A HomeKit vulnerability in the current version of iOS 11.2 has been shown to be 9to5Mac and allows unauthorized control of accessories, including smart locks and garage door openers . We understand that Apple has implemented a server-side fix that now prevents unauthorized access by limiting some functions, and an iOS 11.2 update that will take place next week will restore that full functionality.
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The vulnerability, which we will not describe in detail and was difficult to reproduce, allowed the unauthorized control of the accessories connected to HomeKit, including smart lights, thermostats and plugs.
The most serious ramification of this vulnerability before correction is the unauthorized remote control of smart locks and connected garage door openers, the first of which was demonstrated 9to5Mac .
The problem was not with smart home products individually but with the same HomeKit framework that connects products from several companies.
Users should not take any action today to solve the problem since the solution that is being implemented is that of the server. The future iOS update next week will solve any broken functionality.
The vulnerability required at least an iPhone or iPad in iOS 11.2, the latest version of Apple's mobile operating system, connected to the iCloud account of the HomeKit user; Previous versions of iOS were not affected.
We also understand that Apple was informed about this and the related vulnerabilities at the end of October, and some, but not all, problems were fixed as part of iOS 11.2 and watchOS 4.2 that were released this week. Other problems in this category were corrected on the server side of Apple, so the end users did not have to do anything.
Apple shared this claim with 9to5Mac with respect to the problem:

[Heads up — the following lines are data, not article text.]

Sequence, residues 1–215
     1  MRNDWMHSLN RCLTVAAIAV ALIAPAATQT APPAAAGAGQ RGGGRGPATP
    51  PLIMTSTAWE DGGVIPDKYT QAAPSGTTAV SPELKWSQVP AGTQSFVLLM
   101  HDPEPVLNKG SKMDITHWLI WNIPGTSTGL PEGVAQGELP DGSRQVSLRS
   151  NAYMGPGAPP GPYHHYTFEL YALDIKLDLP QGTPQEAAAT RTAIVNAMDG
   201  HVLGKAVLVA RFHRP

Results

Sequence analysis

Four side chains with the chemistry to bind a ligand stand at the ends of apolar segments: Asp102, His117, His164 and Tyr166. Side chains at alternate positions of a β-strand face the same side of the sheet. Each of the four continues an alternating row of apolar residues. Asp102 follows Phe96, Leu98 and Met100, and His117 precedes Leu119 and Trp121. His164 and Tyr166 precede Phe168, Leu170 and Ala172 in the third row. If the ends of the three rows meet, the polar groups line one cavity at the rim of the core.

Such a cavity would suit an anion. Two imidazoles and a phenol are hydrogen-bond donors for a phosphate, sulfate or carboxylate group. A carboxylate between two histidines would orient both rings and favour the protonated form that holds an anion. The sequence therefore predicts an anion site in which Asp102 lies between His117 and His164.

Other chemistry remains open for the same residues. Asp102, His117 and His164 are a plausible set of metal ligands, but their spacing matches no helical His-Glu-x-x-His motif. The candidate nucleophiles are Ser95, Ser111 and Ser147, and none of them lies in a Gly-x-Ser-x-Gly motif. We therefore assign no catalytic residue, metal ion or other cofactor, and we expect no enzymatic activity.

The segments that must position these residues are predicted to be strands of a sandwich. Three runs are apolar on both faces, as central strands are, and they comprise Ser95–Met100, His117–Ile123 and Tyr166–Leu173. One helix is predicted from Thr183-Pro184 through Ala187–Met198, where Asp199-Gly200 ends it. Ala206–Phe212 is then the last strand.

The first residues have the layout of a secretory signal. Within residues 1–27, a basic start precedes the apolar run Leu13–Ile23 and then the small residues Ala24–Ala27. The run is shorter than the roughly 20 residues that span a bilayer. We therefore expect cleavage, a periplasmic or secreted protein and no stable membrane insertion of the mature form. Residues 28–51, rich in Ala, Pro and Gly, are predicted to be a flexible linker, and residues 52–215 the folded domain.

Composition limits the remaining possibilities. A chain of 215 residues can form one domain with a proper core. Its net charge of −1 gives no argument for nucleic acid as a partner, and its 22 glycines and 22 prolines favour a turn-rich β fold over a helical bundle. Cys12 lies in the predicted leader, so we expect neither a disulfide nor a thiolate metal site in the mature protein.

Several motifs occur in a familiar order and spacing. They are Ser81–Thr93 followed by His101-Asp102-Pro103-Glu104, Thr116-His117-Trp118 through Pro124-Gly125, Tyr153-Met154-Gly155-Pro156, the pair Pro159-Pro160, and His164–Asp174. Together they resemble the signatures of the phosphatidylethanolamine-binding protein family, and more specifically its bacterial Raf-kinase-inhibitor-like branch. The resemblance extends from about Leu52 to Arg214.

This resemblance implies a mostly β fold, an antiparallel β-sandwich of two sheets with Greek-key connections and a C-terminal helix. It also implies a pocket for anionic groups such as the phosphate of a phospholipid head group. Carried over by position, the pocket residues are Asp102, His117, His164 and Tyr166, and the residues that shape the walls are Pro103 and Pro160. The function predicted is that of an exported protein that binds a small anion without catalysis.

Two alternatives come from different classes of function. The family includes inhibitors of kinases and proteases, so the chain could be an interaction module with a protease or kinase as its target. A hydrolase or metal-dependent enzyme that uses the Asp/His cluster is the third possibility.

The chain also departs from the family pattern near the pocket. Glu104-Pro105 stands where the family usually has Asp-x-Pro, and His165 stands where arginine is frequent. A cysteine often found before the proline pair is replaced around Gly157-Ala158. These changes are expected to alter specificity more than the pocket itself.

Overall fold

"The problem affecting users of HomeKit iOS 11.2 has been fixed, the solution temporarily disables remote access to shared users , which will be restored in a software update early next week. "
We believe that this vulnerability attracted to our attention has resulted in the preparation of the solution earlier than it would have been otherwise, and our readers deserve to know that vulnerability exists. The severity of this vulnerability also imposes a responsibility on 9to5Mac as a publication to share what we know with our audience if we will continue to cover HomeKit and smart home products.
Does this vulnerability release mean? Should not you trust HomeKit or smart home products in the future? The reality is that errors occur in the software. Always have and pending any progress in software development methods, it is likely that they will always do so. The same is true for physical hardware that may be defective and must be removed from the market. The difference is that the software can be repaired by air without a full recovery.
However, trusting HomeKit and smart home products with your safety will have to be a personal decision, as it always has been. Personally, once this vulnerability has been patched, I think I will feel comfortable trusting that HomeKit security solutions remain protected, but you can always use an old lock and key or install security cameras as a double measure.
I would also like to know, as with the root security issue that affected the Mac last week, that the development process that generated this shipping vulnerability and the problem that remains live for weeks without users knowing is audited and changes are made if possible.
The bottom line is that if a closer connected to HomeKit or a garage door opener can not protect their home, customers should not be given the opportunity to assess the risks associated with any known vulnerability.
The hope of publicizing this specific vulnerability is that we can have a significant impact in improving the security audit and quality assurance processes so that HomeKit can be a better solution in the future. and live up to its reputation as the safest smart home framework.